Up to half of U.S. adolescents engage in disordered eating behaviors, such as frequent dieting or vomiting, to control their weight. Understanding how these behaviors link to the body mass index (BMI) of people across their lifetime could help researchers design approaches to stop unhealthy eating and weight-management habits. A new study by the University of Minnesota School of Public Health recently examined the relationship and found that teens who engaged in disordered eating behaviors often have higher body mass index (BMI) numbers as adults.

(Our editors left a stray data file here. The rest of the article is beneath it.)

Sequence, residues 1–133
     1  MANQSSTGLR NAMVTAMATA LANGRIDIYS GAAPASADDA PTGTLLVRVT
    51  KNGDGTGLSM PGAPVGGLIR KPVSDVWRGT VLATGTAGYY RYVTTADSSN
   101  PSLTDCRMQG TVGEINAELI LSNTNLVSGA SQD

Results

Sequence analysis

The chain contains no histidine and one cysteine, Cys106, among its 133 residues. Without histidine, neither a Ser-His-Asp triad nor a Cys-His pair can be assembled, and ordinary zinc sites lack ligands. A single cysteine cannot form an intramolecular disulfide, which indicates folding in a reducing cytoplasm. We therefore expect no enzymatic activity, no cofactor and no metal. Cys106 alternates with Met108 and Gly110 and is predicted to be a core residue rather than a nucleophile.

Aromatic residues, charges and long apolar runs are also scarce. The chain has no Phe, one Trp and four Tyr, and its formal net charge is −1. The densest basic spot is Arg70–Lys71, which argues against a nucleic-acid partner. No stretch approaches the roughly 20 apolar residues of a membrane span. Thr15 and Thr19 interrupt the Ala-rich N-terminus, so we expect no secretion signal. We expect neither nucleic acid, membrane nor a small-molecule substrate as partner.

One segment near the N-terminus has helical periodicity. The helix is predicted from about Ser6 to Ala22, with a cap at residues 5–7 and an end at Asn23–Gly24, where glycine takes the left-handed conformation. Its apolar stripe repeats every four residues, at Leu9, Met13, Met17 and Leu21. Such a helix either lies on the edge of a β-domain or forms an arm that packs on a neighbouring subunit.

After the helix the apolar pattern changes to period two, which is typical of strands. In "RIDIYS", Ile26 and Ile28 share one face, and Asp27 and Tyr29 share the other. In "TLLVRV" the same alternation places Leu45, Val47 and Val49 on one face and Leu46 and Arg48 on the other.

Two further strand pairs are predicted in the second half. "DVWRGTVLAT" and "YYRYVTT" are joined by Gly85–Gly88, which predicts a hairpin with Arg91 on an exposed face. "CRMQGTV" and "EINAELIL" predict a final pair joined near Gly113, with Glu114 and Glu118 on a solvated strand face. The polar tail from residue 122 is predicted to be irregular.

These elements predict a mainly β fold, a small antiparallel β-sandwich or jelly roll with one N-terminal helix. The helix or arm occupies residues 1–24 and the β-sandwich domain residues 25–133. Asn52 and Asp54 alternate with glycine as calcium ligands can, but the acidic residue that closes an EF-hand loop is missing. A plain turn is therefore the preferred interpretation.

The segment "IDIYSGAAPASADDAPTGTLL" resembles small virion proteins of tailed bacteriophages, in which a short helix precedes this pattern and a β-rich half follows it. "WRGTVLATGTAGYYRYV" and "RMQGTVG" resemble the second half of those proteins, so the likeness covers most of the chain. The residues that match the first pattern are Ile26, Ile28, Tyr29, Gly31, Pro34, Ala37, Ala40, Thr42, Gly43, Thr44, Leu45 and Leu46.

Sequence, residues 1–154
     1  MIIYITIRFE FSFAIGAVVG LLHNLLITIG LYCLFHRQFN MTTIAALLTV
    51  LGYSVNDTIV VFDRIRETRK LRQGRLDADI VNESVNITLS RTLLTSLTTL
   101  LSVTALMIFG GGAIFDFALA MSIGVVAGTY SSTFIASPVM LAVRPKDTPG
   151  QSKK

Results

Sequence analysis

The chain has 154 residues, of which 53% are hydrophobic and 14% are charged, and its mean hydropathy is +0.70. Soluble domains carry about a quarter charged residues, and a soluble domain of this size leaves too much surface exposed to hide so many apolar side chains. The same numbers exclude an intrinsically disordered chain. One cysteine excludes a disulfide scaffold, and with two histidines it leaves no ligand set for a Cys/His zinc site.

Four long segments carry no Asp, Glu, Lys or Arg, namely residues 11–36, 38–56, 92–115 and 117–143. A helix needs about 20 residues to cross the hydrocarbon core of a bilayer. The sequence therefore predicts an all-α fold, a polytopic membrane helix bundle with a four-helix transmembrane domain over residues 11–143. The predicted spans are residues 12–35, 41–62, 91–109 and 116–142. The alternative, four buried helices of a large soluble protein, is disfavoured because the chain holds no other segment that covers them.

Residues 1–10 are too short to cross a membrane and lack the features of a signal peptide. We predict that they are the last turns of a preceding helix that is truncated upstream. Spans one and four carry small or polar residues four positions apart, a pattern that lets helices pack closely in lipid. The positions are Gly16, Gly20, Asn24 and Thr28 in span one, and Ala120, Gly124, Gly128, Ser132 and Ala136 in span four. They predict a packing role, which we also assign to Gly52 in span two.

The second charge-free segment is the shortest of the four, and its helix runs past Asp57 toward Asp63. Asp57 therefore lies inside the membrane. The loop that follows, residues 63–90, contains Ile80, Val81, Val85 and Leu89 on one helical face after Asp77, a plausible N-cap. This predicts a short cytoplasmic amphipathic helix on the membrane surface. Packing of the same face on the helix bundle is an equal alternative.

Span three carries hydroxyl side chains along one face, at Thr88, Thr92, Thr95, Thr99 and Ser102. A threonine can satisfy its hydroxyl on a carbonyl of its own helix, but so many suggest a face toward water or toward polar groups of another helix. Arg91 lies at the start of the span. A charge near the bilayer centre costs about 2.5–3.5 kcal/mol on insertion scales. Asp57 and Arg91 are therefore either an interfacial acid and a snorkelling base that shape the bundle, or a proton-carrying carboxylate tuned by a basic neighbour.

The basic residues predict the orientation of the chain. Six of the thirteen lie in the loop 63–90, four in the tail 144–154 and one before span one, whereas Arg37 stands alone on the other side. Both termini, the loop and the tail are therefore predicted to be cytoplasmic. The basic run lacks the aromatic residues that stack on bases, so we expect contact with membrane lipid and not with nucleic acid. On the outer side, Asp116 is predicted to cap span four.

The study was led by postdoctoral fellow Ms. Cynthia Yoon and published in the Journal of Adolescent Health.
Dr. Yoon used 15 years of data from 1,230 people who began completing Project EAT surveys as teens (11-18 years) and continued into adulthood (27-33 years). Dr. Yoon reviewed survey answers to count the number of seven particular disordered eating behaviors participants reported using during adolescence:
Dr. Yoon also used the Project EAT data to determine the BMI of participants as adults. She then compared how the numbers of disordered eating behaviors tracked with their BMI.
The study found: